Published online by Cambridge University Press: 08 September 2022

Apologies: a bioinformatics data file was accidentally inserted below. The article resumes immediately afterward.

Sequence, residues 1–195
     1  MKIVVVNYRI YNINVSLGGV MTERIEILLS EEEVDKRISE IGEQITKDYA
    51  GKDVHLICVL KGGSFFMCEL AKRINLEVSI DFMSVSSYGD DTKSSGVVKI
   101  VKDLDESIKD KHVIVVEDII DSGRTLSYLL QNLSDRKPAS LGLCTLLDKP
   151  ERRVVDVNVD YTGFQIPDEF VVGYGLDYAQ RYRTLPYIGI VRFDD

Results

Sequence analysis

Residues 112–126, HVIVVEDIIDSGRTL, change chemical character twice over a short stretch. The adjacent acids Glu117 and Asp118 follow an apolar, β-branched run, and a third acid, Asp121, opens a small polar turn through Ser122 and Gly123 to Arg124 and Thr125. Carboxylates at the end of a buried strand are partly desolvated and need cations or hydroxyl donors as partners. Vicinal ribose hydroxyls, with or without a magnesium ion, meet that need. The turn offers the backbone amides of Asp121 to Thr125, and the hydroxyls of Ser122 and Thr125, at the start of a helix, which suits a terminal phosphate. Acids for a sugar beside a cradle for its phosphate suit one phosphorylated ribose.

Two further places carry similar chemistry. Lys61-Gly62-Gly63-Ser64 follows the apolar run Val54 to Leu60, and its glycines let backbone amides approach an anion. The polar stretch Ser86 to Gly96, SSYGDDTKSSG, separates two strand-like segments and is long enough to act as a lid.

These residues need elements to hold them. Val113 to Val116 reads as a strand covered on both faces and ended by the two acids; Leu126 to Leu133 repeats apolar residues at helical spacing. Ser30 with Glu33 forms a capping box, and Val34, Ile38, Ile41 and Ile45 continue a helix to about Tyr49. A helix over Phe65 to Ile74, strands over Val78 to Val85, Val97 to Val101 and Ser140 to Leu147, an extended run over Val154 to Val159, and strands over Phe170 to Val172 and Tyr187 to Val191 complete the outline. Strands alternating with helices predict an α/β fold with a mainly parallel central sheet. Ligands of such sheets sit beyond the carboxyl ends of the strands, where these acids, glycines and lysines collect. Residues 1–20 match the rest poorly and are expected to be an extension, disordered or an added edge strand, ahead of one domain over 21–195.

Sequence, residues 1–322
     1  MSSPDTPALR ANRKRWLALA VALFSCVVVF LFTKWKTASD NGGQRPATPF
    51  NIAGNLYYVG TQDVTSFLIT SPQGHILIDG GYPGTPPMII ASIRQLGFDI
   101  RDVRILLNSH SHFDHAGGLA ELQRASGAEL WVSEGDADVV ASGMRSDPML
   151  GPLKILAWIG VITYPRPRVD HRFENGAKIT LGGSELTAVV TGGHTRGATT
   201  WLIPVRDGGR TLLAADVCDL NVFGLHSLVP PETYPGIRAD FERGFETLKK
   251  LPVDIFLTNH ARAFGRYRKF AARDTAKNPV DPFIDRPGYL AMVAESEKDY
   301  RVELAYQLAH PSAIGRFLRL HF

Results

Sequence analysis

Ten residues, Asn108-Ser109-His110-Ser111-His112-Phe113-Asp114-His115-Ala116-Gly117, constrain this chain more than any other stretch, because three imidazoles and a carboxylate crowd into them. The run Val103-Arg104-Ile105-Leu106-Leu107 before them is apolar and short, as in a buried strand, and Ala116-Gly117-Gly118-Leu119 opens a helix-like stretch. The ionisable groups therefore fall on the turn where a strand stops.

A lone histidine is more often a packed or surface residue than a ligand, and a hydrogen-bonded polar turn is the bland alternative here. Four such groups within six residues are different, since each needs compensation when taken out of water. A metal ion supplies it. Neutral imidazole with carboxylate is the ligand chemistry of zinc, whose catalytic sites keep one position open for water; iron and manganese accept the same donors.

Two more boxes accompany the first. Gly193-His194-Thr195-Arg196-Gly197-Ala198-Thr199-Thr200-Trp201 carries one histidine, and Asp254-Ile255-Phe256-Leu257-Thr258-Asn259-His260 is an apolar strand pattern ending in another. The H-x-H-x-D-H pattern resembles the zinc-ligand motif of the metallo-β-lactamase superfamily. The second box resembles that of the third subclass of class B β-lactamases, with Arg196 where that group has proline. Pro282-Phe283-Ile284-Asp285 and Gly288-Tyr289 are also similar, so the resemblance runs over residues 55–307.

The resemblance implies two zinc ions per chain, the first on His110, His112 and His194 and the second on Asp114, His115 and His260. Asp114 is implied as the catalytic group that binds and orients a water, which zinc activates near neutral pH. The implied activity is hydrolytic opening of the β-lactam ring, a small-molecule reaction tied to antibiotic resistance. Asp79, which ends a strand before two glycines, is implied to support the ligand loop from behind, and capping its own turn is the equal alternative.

In the hundred years that saw the widest effects of industrialisation and immigration to Wales, the popular music of the country embraced an increasingly passionate and secular adherence to traditions derived from choralism and eisteddfod culture on the one hand, and the development of commercial popular music on the other. ‘Popular music’ was defined not by repertoire but by the circumstances of its performance. Major features of this story include the first conspicuous appearances of Welsh choralism outside Wales, the world’s first virtuoso private brass band, Welsh manifestations of music hall and romantic theatre music, the rise of tourist entertainment and the projection of Welshness in the early years of broadcasting. One of the more interesting features of the period is the way Wales digested broader trends in popular music, modified them and projected them in distinctive ways. The chapter paints a picture of Welsh musical life that is seldom seen, in which strong musical traditions steeped in the culture of the Welsh language coalesce with popular modernism and new types of musical commerce and consumerism.